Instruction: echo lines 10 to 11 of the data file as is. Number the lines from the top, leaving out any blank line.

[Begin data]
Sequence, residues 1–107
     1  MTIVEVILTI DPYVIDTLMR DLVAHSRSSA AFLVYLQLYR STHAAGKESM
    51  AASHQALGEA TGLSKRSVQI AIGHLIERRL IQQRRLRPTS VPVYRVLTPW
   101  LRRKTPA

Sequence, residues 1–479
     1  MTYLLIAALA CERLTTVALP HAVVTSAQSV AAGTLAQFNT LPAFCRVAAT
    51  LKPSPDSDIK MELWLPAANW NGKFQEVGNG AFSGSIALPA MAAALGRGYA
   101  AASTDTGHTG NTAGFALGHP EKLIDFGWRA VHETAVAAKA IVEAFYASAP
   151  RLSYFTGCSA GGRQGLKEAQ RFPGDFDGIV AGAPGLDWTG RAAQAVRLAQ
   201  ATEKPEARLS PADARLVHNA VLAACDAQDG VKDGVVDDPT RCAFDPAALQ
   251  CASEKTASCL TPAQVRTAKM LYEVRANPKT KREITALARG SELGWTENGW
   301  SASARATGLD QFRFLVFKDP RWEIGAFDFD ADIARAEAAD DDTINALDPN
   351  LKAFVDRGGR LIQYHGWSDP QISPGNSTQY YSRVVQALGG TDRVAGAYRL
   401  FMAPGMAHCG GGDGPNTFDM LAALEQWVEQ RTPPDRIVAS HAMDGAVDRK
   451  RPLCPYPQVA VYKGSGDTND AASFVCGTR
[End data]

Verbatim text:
   201  ATEKPEARLS PADARLVHNA VLAACDAQDG VKDGVVDDPT RCAFDPAALQ
   251  CASEKTASCL TPAQVRTAKM LYEVRANPKT KREITALARG SELGWTENGW